Children aged 0 through pre-K were invited to bring the special “grand” in their life — Grandma, Grandpa, Nana, Papa, Opa and/or Oma — to this celebration of two generations. The program included crafts, Bingo, interactive fitness activities and a photo booth, as well as a storytime with the children's librarian and sing-along.
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This six-session pilot program encourages creativity — and interest in library services — for elementary- and middle school-aged children through open-ended art projects such as Watercolor Resist Paintings and Continuous Line Monsters.
We offered this program in collaboration with the organization Phoenix Family, which provided us with access to their existing after-school program and art supplies.
Fans of Sherlock Holmes, particularly those that love the BBC "Sherlock" series, were invited to enjoy an author Q&A, crafts and an escape room. Texas author Alan J. Porter presented his experiences writing Sherlock Holmes stories, then patrons participated in activities. Crafts included Perler bead character magnets, adult coloring, and decorating mugs and 221B Baker Street notebooks.
The average American throws away more than four pounds of garbage each day. That's a lot of pill bottles and pickle jars that could end up in a landfill.
But thanks to a partnership with our local waste prevention program, North Olympic Library System gave new life to cast-off trash and got people thinking about how they can reduce waste.
The L.P. Fisher Public Library in Woodstock, New Brunswick, likes to periodically hold Family Art Nights. It is a process-oriented, intergenerational program that allows people of all ages, whether they think of themselves as “artistic” or not, to try their hand at something creative. There is no defined outcome, so people can experiment and enjoy the process of play, something that is very good for relieving stress.
The Crafting for Charity group has existed at the Morton Grove Public Library since 2014. They meet once a month to work on their current project, choosing each project based on needs in the community.
Most recently the group undertook a project to create 75 Twiddlemuffs — knitted or crocheted hand muffs with various items (buttons, beads, etc.) attached — which serve the dual purpose of keeping hands warm while giving the fidgeting hands of many Alzheimer’s patients something to play with.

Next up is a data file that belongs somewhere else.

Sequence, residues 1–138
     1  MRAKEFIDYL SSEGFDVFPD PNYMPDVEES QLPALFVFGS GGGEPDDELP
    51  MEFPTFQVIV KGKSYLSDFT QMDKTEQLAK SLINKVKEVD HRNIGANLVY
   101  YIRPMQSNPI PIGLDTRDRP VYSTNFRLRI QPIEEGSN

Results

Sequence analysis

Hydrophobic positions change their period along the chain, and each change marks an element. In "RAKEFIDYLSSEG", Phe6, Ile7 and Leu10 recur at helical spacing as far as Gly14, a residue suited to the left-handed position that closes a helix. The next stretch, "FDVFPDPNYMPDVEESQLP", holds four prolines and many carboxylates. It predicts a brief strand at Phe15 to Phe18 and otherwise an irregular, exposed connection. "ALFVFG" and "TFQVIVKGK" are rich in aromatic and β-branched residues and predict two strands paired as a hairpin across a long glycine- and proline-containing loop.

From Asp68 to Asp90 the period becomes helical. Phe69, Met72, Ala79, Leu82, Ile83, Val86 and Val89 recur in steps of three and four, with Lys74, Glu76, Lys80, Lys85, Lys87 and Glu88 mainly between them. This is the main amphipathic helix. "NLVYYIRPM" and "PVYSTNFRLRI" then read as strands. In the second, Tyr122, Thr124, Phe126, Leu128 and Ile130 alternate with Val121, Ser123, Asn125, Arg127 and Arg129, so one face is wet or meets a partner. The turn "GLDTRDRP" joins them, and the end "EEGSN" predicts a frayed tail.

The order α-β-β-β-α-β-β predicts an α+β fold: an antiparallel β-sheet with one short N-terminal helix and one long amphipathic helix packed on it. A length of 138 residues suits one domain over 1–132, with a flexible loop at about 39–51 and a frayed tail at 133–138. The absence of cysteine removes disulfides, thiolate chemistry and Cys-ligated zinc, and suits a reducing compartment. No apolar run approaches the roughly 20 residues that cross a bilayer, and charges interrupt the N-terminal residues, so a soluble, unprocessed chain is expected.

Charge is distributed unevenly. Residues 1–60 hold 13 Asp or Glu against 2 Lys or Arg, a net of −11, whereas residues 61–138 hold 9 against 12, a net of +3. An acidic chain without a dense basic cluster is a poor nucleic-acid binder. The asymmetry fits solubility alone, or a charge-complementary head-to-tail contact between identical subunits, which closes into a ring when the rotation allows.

For the past five years, the Russell Library children's department has offered an annual Fairy and Gnome House Workshop as part of its summer events. The event was created by one of our children's librarians, Laura Larsen, and is held in July each year. It has grown in attendance and popularity since its inception.
I love March — partly because green is my favorite color and, of course, on St. Patrick's Day everyone gets to wear green. I remember as a kid picking out something green to wear so I wouldn't get pinched at school. As the years went by, I would try to hide my green just to trick everyone.
Whether you love the holiday or just love green like me, have fun indulging in green galore with these St. Patrick’s Day crafts.
Ask most boys today if they want to play with paper dolls and you might get a scrunched-up face in response, but paper dolls haven't always been seen as such a gendered activity. In fact, paper dolls have existed since paper was invented and come from many different cultures around the world.
We all know that February is the month to celebrate Valentine's Day, but did you know that February is also National Heart Month? Both celebrations provide opportunities for creative craft programs for teens.
Gung Hay Fat Choy! Chinese New Year is a spring festival that follows the Chinese lunar calendar and traditionally falls between mid-January and mid-February each year. The celebrations usually last for two weeks and represent a fresh start, rejuvenating family love and hoping for happiness in the year to come.
Now is the perfect time to start planning some fun holiday library programs for teens. 2015 was the inaugural year of the Holidaze Crafts for Teens program at my library, where teens made their own holiday gifts to give to family and friends. It was a great success.
About five years ago, I created a program called Haunted Library. Our Teen Advisory Group (TAG) really looked forward to this program every year. They absolutely loved planning this event, making up different themes each year and going all out from the beginning of the school year until Halloween. It was so awesome because they were fully invested.